Native advertising has risen in recent years, with businesses adopting the marketing method to make promotional content seem less invasive to consumers and as though it’s a part of the material they’re already viewing. An example is Facebook’s sponsored posts or Twitter’s sponsored tweets the idea is that the marketing blends in.
The trend continues to pick up pace and 216m was spent on native ads, including paid sponsorships, advertisement features and in-feed distribution, in the first half of 2014, accounting for 21 per cent of the display ad spend. As such, the IAB UK has released a new set of guidelines for advertisers, publishers, agencies and advertising technology providers to follow to provide consumers with more transparency around what it is they’re actually engaging with.
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1. Provide consumers with prominently visible visual cues enabling them to immediately understand they are engaging with marketing content compiled by a third party in a native ad format which isnt editorially independent (e.g. brand logos or design, such as fonts or shading, clearly differentiating it from surrounding editorial content)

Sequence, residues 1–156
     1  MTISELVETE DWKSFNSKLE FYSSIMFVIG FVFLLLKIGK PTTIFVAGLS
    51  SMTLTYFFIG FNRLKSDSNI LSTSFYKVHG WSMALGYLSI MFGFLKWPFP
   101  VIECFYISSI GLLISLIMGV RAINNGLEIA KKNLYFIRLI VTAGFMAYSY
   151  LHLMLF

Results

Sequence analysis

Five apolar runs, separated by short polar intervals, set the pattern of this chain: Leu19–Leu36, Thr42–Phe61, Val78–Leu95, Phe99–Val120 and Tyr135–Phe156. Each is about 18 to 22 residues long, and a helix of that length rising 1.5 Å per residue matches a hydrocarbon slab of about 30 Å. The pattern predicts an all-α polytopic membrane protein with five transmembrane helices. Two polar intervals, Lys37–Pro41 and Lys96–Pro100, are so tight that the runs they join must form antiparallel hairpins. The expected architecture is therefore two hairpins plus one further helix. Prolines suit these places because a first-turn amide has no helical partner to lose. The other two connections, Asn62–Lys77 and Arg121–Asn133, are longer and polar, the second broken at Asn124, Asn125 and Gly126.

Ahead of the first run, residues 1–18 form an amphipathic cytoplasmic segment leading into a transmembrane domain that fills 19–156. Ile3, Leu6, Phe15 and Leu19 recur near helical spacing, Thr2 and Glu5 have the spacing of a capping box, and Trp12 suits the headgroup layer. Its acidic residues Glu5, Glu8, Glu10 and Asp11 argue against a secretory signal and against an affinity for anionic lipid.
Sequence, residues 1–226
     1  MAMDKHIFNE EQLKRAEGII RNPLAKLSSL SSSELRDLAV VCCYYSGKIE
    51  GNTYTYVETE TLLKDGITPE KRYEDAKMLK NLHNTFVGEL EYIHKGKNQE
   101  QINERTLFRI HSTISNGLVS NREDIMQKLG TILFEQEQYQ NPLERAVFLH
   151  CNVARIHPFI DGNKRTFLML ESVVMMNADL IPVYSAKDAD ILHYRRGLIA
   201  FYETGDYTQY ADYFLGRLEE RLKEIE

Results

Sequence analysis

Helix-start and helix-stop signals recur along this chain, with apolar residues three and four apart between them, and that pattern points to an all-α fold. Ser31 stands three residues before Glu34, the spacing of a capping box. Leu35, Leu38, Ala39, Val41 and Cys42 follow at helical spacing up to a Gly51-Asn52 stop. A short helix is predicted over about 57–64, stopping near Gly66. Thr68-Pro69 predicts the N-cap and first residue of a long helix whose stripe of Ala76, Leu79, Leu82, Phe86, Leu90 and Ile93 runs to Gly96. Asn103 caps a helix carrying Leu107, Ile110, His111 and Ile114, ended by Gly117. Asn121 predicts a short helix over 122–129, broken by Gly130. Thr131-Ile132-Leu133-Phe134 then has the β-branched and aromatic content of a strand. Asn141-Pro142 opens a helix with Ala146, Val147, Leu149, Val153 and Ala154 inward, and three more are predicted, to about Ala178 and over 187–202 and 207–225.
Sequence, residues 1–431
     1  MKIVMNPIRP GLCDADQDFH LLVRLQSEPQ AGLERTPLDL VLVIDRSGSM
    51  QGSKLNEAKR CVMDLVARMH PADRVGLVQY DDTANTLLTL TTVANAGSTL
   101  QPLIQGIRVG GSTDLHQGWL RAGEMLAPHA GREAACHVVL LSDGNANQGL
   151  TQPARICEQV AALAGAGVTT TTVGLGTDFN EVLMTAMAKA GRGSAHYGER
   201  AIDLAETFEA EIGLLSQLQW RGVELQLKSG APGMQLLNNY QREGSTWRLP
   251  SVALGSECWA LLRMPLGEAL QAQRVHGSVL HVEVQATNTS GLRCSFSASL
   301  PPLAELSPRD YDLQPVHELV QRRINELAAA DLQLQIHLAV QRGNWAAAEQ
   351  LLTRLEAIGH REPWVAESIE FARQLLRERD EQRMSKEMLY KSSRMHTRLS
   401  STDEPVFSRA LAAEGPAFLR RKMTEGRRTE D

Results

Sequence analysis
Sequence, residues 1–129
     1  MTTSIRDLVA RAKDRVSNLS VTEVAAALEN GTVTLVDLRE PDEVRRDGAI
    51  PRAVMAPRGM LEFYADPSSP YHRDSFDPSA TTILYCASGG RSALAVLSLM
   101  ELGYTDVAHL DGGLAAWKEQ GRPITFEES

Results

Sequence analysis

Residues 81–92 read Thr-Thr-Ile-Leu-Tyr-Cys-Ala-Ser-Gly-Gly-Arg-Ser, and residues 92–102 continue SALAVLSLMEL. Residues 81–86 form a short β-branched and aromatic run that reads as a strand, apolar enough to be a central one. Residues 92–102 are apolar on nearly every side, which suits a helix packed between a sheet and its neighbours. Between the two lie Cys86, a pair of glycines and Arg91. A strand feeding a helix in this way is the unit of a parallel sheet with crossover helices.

2. It must be labelled using wording that demonstrates a commercial arrangement is in place (e.g. paid promotion or brought to you by ).
The new set of rules is backed by British advertising membership body ISBA, the Association for Online Publishers (AOP) and the Content Marketing Association (CMA), meeting the Advertising Standards Authority’s (ASA) code.
Alex Stepney, public policy manager at the IAB, said: Paid-for advertising units which are deliberately designed to replicate the look and feel of the editorial content that they appear against needs to be obvious to consumers.
The guidelines help companies involved in developing and publishing such native ad formats to provide the necessary levels of transparency to consumers and uphold the integrity of online advertising.
It follows a study the IAB conducted to find out consumers’ attitudes towards native ads, and brand trust can fall if content origins are unclear.
Requirements included the advertiser’s logo being prominent on content, clear labelling such as sponsored by, and boxing or colours to make native content look different.